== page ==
Seasonal Affective Disorder diagnoses on the rise

A new Student Health survey shows diagnoses have nearly doubled in recent years.

Kristina Busch

The onset of winter brings colder weather, shorter days and — for many people — the blues.
 
The number of seasonal affective disorder diagnoses rose this year in University of Minnesota students, according to the Boynton Health Service 2015 College Student Health Survey, and some experts say it could be due to an increased awareness among doctors of the mental health issue.
 
The number of students diagnosed has nearly doubled since 2007, jumping from 2.8 percent to 5.5 percent this year, Boynton Chief Medical Officer Gary Christenson said.
 
Many of those students were diagnosed before entering college, he said. 
 
“The classic definition of SAD is that it’s a major depression that has a clear seasonal onset,” he said. “As light becomes lower, the depression comes on.”
 
SAD, however, differs from traditional depression symptomatically, Christenson said. 
 
“SAD has an increased need for sleep rather than insomnia,” he said. “There is an increase in cravings rather than a loss of appetite, and weight is gained rather than lost.”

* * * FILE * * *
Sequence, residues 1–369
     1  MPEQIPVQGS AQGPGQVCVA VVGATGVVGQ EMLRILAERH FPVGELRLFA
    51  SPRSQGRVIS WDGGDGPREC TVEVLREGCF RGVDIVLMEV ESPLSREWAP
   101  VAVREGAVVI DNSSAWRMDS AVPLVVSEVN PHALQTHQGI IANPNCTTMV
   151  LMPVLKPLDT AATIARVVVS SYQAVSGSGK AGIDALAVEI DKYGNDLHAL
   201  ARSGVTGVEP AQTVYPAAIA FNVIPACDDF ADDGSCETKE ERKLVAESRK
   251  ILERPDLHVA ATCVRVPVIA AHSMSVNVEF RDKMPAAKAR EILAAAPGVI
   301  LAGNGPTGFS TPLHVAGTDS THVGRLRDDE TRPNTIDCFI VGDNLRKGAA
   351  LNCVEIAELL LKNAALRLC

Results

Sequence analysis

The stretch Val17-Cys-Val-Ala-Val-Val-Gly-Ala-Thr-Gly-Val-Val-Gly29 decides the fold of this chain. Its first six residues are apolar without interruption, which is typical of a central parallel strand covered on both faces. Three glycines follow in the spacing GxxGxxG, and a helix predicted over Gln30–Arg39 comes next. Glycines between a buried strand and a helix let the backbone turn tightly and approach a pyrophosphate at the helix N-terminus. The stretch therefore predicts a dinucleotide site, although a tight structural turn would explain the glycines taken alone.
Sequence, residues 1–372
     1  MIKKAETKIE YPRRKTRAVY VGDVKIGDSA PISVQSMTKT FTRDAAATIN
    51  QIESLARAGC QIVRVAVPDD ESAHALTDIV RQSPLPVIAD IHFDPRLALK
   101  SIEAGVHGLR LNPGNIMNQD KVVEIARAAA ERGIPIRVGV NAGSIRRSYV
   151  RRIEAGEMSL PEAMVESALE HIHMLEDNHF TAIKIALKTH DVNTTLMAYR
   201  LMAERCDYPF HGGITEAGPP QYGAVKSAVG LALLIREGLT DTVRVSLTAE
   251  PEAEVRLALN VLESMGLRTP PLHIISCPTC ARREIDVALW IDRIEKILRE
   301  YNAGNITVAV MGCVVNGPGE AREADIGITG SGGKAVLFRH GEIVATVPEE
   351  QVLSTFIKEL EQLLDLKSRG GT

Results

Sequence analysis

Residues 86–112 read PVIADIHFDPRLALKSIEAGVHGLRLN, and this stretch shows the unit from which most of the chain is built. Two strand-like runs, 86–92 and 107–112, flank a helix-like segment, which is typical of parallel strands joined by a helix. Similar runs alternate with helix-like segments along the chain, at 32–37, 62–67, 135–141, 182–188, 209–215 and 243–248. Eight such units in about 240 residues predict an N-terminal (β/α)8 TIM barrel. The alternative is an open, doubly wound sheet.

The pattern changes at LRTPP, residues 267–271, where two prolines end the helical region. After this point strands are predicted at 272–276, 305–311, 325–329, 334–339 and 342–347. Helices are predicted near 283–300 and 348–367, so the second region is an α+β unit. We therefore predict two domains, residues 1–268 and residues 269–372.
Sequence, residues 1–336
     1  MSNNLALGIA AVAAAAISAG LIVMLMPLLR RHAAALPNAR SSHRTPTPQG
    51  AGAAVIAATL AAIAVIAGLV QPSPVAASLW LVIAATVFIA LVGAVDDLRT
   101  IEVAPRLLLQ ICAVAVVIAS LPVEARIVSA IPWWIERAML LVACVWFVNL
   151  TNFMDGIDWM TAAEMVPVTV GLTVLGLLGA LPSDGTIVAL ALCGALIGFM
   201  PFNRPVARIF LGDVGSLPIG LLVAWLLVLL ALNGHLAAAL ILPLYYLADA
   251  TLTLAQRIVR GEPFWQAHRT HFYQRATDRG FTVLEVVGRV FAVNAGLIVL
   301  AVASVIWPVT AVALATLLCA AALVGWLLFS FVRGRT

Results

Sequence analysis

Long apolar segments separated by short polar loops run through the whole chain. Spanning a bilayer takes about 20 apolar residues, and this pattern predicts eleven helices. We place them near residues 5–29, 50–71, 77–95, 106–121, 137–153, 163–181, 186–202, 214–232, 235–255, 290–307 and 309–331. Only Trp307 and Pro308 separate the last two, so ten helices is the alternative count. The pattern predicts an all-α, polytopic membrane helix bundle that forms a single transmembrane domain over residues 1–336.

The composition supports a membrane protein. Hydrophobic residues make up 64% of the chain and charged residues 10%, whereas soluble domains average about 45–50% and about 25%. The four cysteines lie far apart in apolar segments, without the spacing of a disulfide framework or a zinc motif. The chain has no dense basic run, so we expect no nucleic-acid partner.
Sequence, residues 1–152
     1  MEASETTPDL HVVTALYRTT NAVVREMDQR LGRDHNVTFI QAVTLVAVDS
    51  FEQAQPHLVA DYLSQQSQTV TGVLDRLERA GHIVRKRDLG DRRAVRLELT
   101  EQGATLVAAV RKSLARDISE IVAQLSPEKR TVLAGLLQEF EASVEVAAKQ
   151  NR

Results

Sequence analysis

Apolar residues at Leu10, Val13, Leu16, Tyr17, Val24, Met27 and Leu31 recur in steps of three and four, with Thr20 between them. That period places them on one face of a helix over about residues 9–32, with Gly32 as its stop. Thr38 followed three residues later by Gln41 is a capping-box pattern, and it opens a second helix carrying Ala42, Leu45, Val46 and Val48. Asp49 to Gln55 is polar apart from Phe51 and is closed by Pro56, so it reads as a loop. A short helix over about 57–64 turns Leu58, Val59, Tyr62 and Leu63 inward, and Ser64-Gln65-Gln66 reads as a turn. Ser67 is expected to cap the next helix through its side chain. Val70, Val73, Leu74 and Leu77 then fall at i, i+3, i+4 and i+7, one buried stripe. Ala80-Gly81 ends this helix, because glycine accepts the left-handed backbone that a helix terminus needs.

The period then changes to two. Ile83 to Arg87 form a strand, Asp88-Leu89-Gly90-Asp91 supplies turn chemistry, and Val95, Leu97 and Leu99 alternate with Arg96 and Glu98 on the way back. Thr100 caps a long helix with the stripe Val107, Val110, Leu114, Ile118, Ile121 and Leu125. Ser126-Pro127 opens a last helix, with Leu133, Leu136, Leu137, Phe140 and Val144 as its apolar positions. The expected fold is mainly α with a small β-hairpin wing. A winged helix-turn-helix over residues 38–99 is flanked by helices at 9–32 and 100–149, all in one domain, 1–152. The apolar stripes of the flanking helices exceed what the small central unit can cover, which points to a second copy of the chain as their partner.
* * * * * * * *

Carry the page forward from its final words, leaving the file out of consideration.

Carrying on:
Those affected by SAD are sometimes more sensitive or can take things more personally, Christenson said.
 
Because the start of school and the influx of colder weather align in cold-climate regions, knowing when to diagnose SAD over stress can be challenging, he said.
 
SAD can be prevented by maintaining a healthy lifestyle, like eating healthfully and getting enough sleep, University psychiatry professor Paul Arbisi said. 
 
For those affected, light therapy is the best treatment, he said. 
 
Patients can buy light boxes designed for light therapy and use them for about 30 minutes daily to treat their symptoms, Christenson said. Sometimes, a doctor may prescribe antidepressants or therapy, too.
 
Though some use tanning to treat symptoms, he said it’s not medically backed and, therefore, not recommended, as there’s a risk of damage to the eyes and skin from the UV light.
 
Still, Christenson recommends students get creative when looking for light to avoid SAD.
 
“Take a walk during the day when the sun is at its highest, increase the light in your room by setting a timer when the sun peeks through the windows or use a simulator that increases light in your room if you cannot buy a light box,” he said.